The Effortless Experience research showed that building customer advocacy was the easiest way to decrease the perceived customer effort. When the agent puts his or herself in the customer's shoes, the customer feels like the interaction took 77% less effort, which in turn can directly increase loyalty and share of wallet.

Using positive language effectively

Using positive language isn't about Jedi mind tricks. Rather, it's about taking a potentially negative response and re-positioning it. Positive language is used to explain the truth about what can be done, rather than just focusing on what can't be done. For example, if a product is out of stock there is no way to make that product appear. Instead of telling the customer that you are out of a product, agents can offer a solution by telling them the product will be available in two weeks. This mindset of “I'm an advocate for the customer and need to find out what can be done to help,” is monumental in the language that is used, which has been linked to an 82% higher experience quality.

Anchoring your best solution

When the best solution available isn't the customer's desired solution, anchoring can be an effective tool to decrease the perceived effort. For instance, your customer wants a set time for a technician to fix their dishwasher tomorrow. Unfortunately, you can only guarantee a four-hour time frame for the next day or a specific time the following week. Anchoring can make a less desirable solution seem more desirable. The agent can take either one of two approaches:

  1. “We only have a four-hour window available tomorrow, so someone will need to be home from 8:00 am to 12:00 pm.” versus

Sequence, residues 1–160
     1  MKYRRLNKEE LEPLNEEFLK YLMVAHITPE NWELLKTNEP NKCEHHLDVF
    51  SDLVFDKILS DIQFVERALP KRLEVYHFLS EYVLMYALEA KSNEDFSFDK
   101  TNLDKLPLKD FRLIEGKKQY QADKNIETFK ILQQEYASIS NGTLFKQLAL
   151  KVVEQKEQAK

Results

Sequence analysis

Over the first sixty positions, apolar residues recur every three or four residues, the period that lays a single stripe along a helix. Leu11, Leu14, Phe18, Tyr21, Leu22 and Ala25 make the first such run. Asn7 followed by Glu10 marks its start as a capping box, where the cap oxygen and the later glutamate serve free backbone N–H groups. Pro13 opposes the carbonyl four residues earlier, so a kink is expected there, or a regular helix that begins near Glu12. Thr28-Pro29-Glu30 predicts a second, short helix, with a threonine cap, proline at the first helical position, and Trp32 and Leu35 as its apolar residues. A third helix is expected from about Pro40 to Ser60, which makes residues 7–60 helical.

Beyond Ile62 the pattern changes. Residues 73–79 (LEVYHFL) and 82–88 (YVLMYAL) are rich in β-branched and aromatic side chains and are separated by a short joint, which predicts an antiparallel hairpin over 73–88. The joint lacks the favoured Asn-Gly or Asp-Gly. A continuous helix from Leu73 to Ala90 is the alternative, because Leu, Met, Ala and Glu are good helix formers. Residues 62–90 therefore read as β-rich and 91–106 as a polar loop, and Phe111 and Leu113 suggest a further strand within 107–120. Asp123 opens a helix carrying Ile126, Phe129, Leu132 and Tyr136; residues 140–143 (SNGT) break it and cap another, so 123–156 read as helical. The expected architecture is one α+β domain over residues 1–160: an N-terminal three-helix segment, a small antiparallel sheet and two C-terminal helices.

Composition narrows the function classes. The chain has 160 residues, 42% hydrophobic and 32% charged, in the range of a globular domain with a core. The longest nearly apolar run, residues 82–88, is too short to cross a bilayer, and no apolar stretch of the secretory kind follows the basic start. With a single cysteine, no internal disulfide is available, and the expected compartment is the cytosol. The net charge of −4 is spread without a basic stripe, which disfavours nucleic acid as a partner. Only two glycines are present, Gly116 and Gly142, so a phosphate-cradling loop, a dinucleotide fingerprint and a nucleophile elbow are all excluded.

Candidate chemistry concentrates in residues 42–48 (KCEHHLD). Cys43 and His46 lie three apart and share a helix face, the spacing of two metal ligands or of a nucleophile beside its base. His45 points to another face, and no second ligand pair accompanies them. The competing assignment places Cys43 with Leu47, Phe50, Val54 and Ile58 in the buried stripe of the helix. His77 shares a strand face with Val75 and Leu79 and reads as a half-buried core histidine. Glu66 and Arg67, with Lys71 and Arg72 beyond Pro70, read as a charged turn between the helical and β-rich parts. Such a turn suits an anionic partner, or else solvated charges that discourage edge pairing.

2. “It looks like our next guaranteed time isn't until next Tuesday. We could have a technician there tomorrow but it's a four-hour time slot, so someone would have the be home from 8:00 am to 12:00 pm. Would that be a possibility? It would get your dishwasher fixed tomorrow rather than next week.”

While neither solution is ideal, comparing one solution to another, as outlined in approach B, immediately reduces the perceived effort by 55%. Implementing these three strategies — advocacy, positive language and anchoring — can lower your average handle time while increasing customer satisfaction scores and resolution rates. This process is not a cure-all, but it is something you can do to improve your customer experience and lower their perceived effort. No technology is required, but you'll get an immediate return in terms of customer loyalty. If you want to get technical, there are a number of things you can do with Salesforce to support engineered experiences:

  1. Update knowledge articles and email templates to focus on “what can be done” instead of “what can't be done”
  2. Use macros and quick text to consistently identify “can do” messages for your agents to use on cases
  3. Leverage Salesforce Lightning Flows to provide specifically-worded responses depending on the case data

I'd love to know how your organization is engineering experiences to support the Effortless Experience approach. Let's connect.